Lesson Learned

Looking Forward and Back Get’s Us Through


“can’t wait for the weekend”, “only 23 days till we get on that plane”, “remember when we saw that movie two weeks ago …. “
Here is a simple rule for marketers to keep in mind: people ( real people ) do not frame their lives around the experience of consuming your brand or service, they do focus their lives around events.

Big events like vacations and annual family get-togethers, weekly ritualized events like having the weekend off, that special trip to a concert, the short term planned lunch with friends. The daily events like sitting at your desk motivating yourself to just get through until an appropriate time to go have a coffee. We, people, like to have something to look forward too.
And we like to have things to remember. Special things. Like weddings and the arrival of babies and that once in a decade holiday and that first big business trip and the time you went with your two best friends to see your first Test match.

Looking forward, and looking back are such important avenues for connection for marketers. Of course, you are probably aware of that. The whole selfie phenomenon of the last ten years and the ability to share special occasions on digital social platforms is something I am sure all good marketers have tried to leverage. But let’s think a little deeper. All special events, whether the annual or the daily are ways in which we create news for ourselves. We use them to set goals and soften out the ordinariness of the everyday. And we do it in five stages :

Stage 1 The Planning: the time you spend thinking about, gathering information, making a decision. As in a holiday when you might take weeks or months to get everything booked. Or buying a car and taking months to decide on what you want, where to buy it etc.
And then you do book, decide, make up your mind. Which leads to …

Stage 2 The Tension: or the period between making the decision and actually getting there. Like when you and friends have bought the tickets to that new movie and you have 5 days of waiting, sharing expectations, getting excited, thinking about whether you will have dinner afterward, where, what will you wear.
Of course, there is …

Stage 3 The Thing Itself: that time you spend doing the thing you were sooooo looking forward to. That lunch with the guy from the office you had planned since yesterday. Or the actual boarding a plane, traveling, having your overseas meetings, enjoying a different city, flying home.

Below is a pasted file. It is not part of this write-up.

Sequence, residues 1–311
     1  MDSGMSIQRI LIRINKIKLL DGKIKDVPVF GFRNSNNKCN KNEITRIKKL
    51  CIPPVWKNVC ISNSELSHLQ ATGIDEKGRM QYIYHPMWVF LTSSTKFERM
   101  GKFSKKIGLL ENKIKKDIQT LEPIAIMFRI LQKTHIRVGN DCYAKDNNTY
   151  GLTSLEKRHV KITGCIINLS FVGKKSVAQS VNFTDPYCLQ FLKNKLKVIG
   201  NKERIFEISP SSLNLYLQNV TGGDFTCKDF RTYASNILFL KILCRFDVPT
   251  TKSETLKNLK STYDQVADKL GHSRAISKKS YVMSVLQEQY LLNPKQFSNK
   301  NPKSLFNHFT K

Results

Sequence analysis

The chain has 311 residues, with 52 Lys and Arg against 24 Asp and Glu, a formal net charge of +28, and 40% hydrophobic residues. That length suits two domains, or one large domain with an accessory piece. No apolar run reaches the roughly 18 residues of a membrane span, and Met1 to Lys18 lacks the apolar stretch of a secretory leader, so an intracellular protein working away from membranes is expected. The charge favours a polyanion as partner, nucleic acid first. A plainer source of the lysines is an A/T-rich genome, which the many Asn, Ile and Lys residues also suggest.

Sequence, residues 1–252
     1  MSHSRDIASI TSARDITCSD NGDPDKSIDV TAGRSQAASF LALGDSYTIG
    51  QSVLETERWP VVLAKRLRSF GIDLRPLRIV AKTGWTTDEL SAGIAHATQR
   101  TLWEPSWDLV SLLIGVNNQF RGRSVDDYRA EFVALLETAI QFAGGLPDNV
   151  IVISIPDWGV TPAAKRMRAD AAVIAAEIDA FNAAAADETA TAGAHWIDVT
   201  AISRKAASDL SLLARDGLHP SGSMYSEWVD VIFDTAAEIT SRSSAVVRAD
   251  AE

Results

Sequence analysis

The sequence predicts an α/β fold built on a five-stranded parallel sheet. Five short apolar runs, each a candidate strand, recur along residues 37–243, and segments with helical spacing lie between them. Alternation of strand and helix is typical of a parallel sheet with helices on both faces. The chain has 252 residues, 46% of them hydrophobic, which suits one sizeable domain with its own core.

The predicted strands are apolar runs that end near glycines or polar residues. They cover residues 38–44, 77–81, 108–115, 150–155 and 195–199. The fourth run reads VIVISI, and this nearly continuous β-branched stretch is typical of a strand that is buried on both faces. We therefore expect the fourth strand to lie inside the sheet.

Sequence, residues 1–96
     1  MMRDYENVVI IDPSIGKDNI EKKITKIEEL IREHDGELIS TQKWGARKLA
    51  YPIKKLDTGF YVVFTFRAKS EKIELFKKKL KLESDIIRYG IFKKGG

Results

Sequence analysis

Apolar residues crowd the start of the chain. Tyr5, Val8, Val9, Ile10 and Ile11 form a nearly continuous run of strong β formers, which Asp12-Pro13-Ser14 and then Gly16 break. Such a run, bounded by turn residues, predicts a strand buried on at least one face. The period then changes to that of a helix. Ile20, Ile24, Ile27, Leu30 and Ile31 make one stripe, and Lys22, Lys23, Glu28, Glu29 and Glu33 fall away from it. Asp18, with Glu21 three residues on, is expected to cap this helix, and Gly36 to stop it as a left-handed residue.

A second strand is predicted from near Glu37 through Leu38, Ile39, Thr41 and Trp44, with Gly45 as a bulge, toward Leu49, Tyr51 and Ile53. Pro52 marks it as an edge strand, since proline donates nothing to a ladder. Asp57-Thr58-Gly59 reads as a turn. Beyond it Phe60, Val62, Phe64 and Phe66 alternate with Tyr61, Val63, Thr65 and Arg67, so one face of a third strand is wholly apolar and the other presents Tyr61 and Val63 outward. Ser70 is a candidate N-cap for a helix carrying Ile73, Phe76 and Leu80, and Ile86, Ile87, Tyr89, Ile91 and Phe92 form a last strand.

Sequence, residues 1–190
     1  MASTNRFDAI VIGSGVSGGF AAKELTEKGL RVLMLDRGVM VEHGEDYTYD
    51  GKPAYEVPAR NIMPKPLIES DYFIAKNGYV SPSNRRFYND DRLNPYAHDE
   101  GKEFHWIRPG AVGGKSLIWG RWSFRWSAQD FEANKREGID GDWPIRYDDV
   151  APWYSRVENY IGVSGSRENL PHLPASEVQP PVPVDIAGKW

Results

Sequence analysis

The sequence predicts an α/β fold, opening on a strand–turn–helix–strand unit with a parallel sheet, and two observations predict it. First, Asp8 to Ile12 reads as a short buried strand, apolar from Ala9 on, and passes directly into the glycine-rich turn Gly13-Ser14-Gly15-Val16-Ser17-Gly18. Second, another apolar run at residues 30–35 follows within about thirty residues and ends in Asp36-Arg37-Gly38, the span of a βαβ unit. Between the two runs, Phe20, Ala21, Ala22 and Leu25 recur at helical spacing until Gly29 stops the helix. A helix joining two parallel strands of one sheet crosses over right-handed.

But then …

Stage 4 The Review: that first period after the event when you are either reviewing yourself or more likely letting others know what you thought. “ I am sharing my photos of our great lunch ” or the Monday morning gossip about what a terrible time you had on that date, how to let down you were by Manchester United’s performance, how you found a great new ice cream shop.
This will last an hour, a day maybe a week for a holiday. And then it becomes less immediate. But something else becomes important…

Stage 5 The Memory: the period that could go on for days, weeks, months when you look back and wish you could do it again. The times you occasionally drag out your FB memories to distract you again. The times you look at the guy at the next desk and say “ hey remember when we went out after work a few weeks ago, want to do that again? ”

Most marketers do a good job of stage 1. It’s obvious. Get people interested and excited and help them plan a purchase, an event, a special occasion, a coffee break. And of course, most marketers do a good job of stage 3, the delivery of the event, the product, the service. Few pay any attention to stage 2, the time between decision and payment and delivery. And yet that is perhaps the time people are most involved. They have made a decision and paid the tickets, ordered the product, are waiting, counting down the minutes, hours, days till they can collect. That is the time when marketers need to really strike. Build on that expectation, offer extra services, create opportunities for more memories.

And as for stages 4 and 5 … well sending a follow-up survey asking “ please tell us about our service ” does not count. Instead think about how and what you can do to help people share their review, enhance their review. And then as time passes think about how you can help re-live the memory. Not sell more, just help remind people of the great experience. Do that and they will come back to you for more.

Use all these stages as tactical guidelines and make sure they are all part of a strategy built on what people want. Do not ask them to rate you, share you, talk about you. Help them plan, feel the excited tension, have a great experience, create great reviews of their good time ( not you ) and keep building memories. Then you will be helping them live lives they enjoy.

Marketing Futures is an Initiative of Ideamax Creatives Limited

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